Mark Ragan In A Yellow Submarine

By Phil Scott

If you're living on the East Coast and have a hankering to earn your submarine license, then you can consider forking over $300 to lifelong submarine lover Mark Ragan and his Chesapeake Submarine Service. For that, you'll get three submersions and ascents in his little yellow submarine. Those dunks in the 12-foot Kittredge K-250, according to Ragan, make you a legitimate pilot for any small sub. The Coast Guard considers miniature submarines the equivalent of small boats in operating terms within the navigable rules of the road, like the 20-foot inboard/outboard that Ragan uses to putter around the Chesapeake Bay, so long as you don't take passengers for hire. To cart paying submarine passengers in U.S. coastal waters, Ragan had to pass the Coast Guard test on basic operations and procedures. To date, he's taught just over 200 people.

Photo of Mark Ragan in a yellow submarine... And he told us of his life, in the land of submarines.

"Everybody who's done it is cut from a different cloth," he says. "A guy came from Singapore, and I dove him for two days. The following day I got a call from the Department of Homeland Security, who had picked him up taking photos of the Pentagon. They wanted to know whom I'd taken down. But so far the guy's kept his nose clean."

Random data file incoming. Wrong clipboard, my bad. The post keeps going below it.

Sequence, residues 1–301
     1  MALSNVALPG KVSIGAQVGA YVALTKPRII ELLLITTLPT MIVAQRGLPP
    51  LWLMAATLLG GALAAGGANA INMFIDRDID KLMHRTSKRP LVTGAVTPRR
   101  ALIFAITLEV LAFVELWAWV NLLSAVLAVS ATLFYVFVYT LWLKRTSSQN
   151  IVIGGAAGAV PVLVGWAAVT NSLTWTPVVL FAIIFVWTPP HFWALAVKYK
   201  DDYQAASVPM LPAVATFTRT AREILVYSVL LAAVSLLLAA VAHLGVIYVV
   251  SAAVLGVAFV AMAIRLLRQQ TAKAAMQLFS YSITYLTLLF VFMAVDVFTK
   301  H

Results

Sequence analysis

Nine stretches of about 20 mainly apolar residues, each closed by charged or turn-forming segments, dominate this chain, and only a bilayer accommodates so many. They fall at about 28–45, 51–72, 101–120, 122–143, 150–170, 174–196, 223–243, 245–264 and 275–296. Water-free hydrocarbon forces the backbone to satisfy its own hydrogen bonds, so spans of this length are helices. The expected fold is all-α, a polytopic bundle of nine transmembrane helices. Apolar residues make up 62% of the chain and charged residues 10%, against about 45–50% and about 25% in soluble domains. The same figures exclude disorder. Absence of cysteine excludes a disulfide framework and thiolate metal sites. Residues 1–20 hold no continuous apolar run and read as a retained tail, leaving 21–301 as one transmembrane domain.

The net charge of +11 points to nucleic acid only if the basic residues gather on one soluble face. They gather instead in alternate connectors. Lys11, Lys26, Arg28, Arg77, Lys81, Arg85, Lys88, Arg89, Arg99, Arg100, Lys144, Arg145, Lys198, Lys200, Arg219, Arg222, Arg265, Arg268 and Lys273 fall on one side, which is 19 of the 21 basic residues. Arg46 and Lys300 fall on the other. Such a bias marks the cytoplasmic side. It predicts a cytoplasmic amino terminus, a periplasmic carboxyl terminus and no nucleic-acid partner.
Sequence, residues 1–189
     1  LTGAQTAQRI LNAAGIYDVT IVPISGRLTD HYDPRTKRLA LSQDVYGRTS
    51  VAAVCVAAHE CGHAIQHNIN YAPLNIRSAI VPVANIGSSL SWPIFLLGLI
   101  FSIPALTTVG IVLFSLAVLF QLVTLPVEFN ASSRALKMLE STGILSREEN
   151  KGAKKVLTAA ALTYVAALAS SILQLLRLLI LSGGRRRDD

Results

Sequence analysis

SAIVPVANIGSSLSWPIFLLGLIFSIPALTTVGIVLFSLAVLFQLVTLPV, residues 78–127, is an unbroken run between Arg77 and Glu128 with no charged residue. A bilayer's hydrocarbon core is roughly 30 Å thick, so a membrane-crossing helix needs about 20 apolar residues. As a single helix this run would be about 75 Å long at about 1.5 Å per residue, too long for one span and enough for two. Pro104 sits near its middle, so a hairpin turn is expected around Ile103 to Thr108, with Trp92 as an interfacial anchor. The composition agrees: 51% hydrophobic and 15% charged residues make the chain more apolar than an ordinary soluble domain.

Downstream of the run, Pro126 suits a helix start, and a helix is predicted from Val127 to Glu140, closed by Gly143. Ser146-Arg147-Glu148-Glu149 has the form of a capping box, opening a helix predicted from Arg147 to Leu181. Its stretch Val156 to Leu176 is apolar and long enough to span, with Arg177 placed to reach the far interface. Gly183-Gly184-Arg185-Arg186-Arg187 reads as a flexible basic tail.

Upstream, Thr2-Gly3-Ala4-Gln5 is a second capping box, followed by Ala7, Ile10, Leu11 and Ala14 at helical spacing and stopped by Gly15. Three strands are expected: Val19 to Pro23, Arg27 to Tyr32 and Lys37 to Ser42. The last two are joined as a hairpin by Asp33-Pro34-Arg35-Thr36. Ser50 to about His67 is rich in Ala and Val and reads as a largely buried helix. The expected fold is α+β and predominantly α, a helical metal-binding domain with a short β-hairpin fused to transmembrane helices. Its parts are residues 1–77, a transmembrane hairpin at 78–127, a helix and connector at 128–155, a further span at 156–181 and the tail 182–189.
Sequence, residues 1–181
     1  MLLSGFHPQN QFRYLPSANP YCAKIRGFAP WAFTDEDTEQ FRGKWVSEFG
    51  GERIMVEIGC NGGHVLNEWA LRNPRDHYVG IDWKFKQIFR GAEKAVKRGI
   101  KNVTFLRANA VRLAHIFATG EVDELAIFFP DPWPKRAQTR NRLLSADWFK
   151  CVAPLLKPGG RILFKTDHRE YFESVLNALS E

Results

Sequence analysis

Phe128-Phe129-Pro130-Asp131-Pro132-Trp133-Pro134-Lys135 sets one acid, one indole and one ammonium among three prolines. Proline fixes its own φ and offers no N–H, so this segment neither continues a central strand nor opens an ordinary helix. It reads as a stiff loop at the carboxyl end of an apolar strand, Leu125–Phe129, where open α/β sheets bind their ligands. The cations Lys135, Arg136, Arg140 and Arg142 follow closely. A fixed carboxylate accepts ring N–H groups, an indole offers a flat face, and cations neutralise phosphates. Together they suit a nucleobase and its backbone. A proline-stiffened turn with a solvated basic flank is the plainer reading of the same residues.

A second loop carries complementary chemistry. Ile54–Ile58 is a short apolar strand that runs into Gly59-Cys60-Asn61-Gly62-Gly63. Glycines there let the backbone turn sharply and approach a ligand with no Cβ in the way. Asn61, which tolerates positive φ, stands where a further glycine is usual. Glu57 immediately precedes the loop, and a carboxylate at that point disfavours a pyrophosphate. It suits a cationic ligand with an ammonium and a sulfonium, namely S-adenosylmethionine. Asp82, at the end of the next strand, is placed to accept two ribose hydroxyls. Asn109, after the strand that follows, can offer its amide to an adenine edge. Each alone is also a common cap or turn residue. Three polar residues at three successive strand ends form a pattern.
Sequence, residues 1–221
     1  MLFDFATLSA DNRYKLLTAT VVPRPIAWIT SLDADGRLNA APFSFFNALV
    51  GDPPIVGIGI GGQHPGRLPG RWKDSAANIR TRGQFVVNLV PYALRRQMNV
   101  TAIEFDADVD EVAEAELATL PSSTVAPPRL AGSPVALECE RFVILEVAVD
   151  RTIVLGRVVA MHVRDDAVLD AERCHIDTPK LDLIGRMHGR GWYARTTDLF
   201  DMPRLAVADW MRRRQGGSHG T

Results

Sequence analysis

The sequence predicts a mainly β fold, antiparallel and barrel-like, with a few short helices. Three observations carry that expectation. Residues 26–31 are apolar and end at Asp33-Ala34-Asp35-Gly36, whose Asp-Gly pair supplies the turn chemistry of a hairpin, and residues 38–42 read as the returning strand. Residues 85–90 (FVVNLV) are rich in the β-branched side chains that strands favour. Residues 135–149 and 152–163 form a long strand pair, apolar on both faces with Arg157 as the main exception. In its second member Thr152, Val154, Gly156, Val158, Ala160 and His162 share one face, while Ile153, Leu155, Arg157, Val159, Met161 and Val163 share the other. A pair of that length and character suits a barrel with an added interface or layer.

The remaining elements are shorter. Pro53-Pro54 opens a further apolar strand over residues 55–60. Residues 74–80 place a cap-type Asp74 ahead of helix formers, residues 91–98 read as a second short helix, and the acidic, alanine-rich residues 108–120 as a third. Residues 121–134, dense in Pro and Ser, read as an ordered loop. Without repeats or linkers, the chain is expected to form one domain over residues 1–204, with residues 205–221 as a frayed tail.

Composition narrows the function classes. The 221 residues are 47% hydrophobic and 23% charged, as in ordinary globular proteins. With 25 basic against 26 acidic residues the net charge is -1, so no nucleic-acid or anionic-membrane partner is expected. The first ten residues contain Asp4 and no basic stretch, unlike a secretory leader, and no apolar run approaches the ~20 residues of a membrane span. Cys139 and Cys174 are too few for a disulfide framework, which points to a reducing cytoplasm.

Submarine instructor is not Ragan's only occupation. He's also an archaeologist, author, and project historian who worked on novelist Clive Cussler's quest to raise the Hunley, a 37-foot, hand-cranked Confederate submarine lost on the evening of February 17, 1864, with eight rebel volunteers. In April 1995, Cussler's crew located the sub, lying on her side in 27 feet of water, encased in silt. Today the Hunley sits in a freshwater tank at the Warren Lasch Conservation Center in South Carolina, preparing for its 150th anniversary in 2014. While compiling the complete history of the vessel, Ragan worked the night shift on the project as a hard-hat helmet diver. He's also written a book, The Hunley, on the subject.

As for the relatively slow traffic of students to his submarine business? "I think the problem is, humanity is not as adventure-oriented as I give them credit for," Ragan says. "But I don't want to totally condemn humanity for not taking submarine classes." 

— Published: October/November 2012


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